Application of Medicine-Engineering in the Rehabilitation of Traumatic Brain Injury-3

Posted on December 15, 2022

Traumatic brain injury (TBI) is gaining more attention because of its higher rates of morbidity and mortality. It is defined as a traumatic structural or physiological disruption of brain function, mainly caused by an external physical force. Though efforts for exploring therapeutic strategies for the rehabilitation of TBI have taken over the past few decades, there is still a lack of effective treatment for it, and the treatment of TBI is far from satisfactory. Meanwhile, the combination of medicine and engineering brings new rehabilitation methods to TBI patients.

Noninvasive Brain Stimulation (NIBS)

In the past few years, the extensive use of noninvasive brain stimulation (NIBS) technology has led to a significant development in our understanding of brain behavioral relationships. As a potential treatment for neurological and psychiatric diseases, including traumatic brain injury, it has also received extensive attention. NIBS mainly includes transcranial direct current stimulation (tDCS) and transcranial magnetic stimulation (TMS).

Transcranial Direct Current Stimulation (tDCS)

Transcranial direct current stimulation (tDCS) is one method of NIBS. It can increase or decrease cortical excitability according to different polarities (anode or cathode), regulate synaptic plasticity through long-term inhibition or enhancement, and promote long-term functional recovery. It can provide a safe and noninvasive method for regulating neural excitability during neuro-rehabilitation.

The emergence of posttraumatic disorders of consciousness (DOC) increases the mortality of patients and restricts their rehabilitation. A double-blind RCT study has found that tDCS can effectively improve the consciousness disorder of the people with TBI. 

The systematic review of transcranial direct current stimulation (tDCS) effects on the rehabilitation of traumatic brain injury (TBI) also supported that although tDCS has been used in clinical treatment, it still needs further improvement, and the after-effects of tDCS are mostly short lived.

The advantages and disadvantages of transcranial direct current stimulation (tDCS).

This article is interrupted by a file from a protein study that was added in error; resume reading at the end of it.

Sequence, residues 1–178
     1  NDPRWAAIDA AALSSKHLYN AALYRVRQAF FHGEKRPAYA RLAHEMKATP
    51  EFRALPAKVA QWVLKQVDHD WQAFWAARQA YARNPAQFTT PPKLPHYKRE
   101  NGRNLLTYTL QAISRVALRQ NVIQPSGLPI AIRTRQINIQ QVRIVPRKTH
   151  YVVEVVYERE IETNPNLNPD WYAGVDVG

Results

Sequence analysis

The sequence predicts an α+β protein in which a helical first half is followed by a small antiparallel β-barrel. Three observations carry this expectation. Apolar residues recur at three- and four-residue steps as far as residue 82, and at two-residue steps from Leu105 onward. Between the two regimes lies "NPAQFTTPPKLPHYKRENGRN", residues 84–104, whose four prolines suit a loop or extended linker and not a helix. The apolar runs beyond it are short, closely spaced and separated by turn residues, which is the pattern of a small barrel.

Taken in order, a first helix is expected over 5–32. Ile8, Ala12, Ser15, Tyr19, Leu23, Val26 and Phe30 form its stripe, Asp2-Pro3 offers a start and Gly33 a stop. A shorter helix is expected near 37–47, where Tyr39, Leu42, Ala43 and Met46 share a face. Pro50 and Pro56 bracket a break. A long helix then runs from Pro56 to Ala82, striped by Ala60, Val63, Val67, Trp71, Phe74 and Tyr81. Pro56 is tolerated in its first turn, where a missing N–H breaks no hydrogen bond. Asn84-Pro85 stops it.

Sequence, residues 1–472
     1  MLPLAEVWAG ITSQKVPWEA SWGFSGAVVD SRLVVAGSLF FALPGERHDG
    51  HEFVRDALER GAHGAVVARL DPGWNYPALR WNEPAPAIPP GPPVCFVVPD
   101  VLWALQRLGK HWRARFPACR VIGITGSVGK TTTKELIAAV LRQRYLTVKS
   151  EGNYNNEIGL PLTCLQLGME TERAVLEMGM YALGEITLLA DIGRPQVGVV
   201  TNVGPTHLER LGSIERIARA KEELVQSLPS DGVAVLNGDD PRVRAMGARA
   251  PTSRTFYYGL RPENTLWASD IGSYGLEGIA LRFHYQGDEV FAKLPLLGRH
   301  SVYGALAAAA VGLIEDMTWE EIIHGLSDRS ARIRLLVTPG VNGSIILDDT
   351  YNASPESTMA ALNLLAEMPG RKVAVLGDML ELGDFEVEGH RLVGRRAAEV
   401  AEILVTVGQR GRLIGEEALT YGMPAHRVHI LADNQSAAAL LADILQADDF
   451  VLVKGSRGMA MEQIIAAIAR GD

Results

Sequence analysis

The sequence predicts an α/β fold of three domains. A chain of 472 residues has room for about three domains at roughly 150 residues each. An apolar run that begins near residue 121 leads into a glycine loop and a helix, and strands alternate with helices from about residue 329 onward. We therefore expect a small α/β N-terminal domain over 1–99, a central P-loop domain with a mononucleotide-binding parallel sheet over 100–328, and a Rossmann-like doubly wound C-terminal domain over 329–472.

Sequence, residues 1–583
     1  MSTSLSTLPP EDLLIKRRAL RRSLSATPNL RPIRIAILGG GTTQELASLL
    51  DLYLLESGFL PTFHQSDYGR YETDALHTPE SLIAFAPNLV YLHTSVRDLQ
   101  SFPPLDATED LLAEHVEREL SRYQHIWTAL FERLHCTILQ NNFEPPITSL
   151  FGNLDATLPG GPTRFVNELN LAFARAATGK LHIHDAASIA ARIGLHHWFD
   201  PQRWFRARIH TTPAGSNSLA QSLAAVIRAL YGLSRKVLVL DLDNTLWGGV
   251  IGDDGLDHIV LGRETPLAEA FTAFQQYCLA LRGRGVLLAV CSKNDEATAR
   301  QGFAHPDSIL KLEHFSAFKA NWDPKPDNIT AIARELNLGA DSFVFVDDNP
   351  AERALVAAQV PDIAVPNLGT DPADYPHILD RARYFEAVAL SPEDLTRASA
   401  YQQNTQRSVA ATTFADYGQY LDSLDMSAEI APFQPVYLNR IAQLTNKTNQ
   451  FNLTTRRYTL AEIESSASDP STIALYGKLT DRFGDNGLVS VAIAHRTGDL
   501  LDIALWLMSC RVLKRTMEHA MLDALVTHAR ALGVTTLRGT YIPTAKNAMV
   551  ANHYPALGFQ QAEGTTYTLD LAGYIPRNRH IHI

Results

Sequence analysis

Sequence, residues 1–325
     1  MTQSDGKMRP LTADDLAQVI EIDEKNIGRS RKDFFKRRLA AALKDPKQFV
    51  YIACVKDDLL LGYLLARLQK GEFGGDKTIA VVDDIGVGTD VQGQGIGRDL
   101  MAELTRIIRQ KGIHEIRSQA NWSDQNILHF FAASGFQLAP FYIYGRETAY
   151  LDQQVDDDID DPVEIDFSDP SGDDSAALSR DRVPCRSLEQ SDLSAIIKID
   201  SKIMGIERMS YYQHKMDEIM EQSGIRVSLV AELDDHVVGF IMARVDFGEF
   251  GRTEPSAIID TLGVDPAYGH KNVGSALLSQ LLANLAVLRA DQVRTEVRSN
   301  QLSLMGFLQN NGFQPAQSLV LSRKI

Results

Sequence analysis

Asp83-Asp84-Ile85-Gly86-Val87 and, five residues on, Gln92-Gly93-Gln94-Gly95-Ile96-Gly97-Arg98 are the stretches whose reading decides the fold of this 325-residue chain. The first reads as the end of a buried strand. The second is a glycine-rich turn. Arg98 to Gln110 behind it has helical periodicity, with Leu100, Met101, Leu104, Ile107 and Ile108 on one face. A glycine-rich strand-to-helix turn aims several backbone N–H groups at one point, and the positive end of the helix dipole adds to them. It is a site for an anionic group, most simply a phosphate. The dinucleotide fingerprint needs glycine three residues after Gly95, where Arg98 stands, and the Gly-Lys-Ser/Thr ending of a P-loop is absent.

• Relative ease of use and good safety profile 
  • A safe, noninvasive technique 
  • Stimulation was well-tolerated 
  • It is a painless, noninvasive, easily applied, and effective therapy.


  • There is an ongoing debate about the precise neurophysiological processes that are stimulated by these techniques 
  • They can only directly affect activity in cortical regions.
  • Did not focus on possible late-occurring side effects or side
  • Side effects might be caused by intensified use.
  • Lack of large-sample clinical trials.

Repeated Transcranial Magnetic Stimulation (rTMS)

rTMS is another non-invasion method to stimulate the human brain. It can influence brain plasticity and cortical reorganization through stimulation-induced changes in neuronal excitability, and the treatment effects of rTMS on cortical excitability depend on the stimulation parameters applied, including the stimulus intensity, frequency, and duration of stimulation. 

The low-frequency rTMS (<1 Hz) applied at the motor threshold or slightly suprathreshold intensities result in a suppression of cortical excitability, and high-frequency (≥5 Hz) suprathreshold stimulation will lead to increased cortical excitability.

Disorders in memory and neural behavior are a common sequence of TBI. A study shows that low-field magnetic stimulation (LFMS) improved the cognitive and motor function of TBI mice significantly. The neuroprotective effect of LFMS may be achieved through the regulation of cellular prion protein (PrPc) and/or circadian rhythm-related proteins. 

A case report found that rTMS could improve the neural activity, to regulate the neural activity, and/or to facilitate recovery in patients with disturbance of consciousness after TBI. Another study confirmed that high-frequency transcranial magnetic stimulation could reduce the pain scores of patients with TBI and improve quality of life. Headache is another common symptom after TBI; a study to test the effectiveness of rTMS in headache after TBI; the result indicated that rTMS can alleviate the headache symptom and provide a transient mood-enhancing benefit.

Although rTMS has been widely used in the rehabilitation of TBI, there are still a lot of areas that need to improve. There is evidence that rTMS may be led to adverse events such as seizure, so we should consider safety when we use it. 

The advantages and disadvantages of Repeated Transcranial Magnetic Stimulation.


  • A noninvasive and painless method 
  • A safe, effective therapeutic intervention 
  • No significant side effects 


  • The most clinically effective rTMS parameters and the optimal site for stimulation in TBI are not known.
  • The limited knowledge regarding the side effects of TMS.
  • TBI patients who receive rTMS may experience a mild headache after the treatment session
  • Lead to a risk of temporary mild hearing loss due to its substantial volume.
  • The high intensity of stimulation is not well tolerated.